... Diese Aufnahmen machen unmissvertändlich deutlich, wie weit Moravec, der mehr an der Vermittlung von Musik arbeitet als an der Vermarktung seiner Person, selbst vom Gros der besten Pianisten entfernt ist.
KlassicNet Editor's Choice
Readers interested in a recording of the Schumann concerto by a living artist should opt for Czech pianist Ivan Moravec on Supraphon.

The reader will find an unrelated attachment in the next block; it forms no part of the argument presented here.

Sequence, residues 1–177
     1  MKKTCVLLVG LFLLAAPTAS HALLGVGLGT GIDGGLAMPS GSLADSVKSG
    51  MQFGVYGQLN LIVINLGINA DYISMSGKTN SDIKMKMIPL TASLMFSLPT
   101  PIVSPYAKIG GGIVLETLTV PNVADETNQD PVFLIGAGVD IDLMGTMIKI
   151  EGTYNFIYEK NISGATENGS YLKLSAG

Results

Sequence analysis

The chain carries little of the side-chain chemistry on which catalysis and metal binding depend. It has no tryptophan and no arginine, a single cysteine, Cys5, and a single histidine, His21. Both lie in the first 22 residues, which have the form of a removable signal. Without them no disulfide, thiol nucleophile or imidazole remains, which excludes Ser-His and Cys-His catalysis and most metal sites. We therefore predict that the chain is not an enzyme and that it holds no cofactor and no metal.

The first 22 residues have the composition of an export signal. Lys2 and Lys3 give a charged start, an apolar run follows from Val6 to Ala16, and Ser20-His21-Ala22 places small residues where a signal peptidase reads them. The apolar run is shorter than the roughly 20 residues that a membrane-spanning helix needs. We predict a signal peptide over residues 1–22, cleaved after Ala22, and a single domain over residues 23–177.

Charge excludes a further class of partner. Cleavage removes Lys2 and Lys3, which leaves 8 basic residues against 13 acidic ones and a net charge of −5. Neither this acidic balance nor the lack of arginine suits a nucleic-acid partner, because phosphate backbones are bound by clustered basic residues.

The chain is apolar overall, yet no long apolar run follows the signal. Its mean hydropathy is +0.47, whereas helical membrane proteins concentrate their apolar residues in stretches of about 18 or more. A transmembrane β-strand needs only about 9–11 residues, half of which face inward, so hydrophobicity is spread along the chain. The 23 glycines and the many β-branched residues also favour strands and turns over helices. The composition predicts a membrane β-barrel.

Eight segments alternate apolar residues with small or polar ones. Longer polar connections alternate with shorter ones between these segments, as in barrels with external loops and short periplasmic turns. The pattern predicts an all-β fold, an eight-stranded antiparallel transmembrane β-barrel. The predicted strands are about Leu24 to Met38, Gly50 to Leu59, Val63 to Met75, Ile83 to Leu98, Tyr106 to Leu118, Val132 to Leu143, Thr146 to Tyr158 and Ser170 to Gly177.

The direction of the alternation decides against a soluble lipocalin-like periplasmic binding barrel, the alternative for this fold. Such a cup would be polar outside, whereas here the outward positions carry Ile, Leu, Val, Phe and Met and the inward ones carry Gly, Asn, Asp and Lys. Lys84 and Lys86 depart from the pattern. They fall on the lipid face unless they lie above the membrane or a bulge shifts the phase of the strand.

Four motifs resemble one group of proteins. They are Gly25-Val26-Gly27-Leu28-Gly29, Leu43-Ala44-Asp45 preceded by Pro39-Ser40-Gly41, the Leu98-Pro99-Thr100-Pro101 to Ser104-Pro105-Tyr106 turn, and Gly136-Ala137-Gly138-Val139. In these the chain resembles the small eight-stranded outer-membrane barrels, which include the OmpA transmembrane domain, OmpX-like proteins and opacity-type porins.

Schumann's A Minor Piano Concerto is not only one of the great masterpieces of the repertoire but one of the great touchstones as well. One can tell a lot about a pianist from his performance of it. It is not an easy piece of music for pianists to ignore, and most of the major ones have had a shot at recording it at one time or another, producing a quantity of high-level renditions that is matched by few other works. However, it is not the quantity and quality of the many recordings that are impressive, but the great variety of the interpretations. Poetic, intellectual, classical, romantic, inward, extroverted, and all-out virtuoso approaches all have something to bring to the music which, purely as an arrangement of notes, 'works' so well as to leave ample room for interpretative latitude.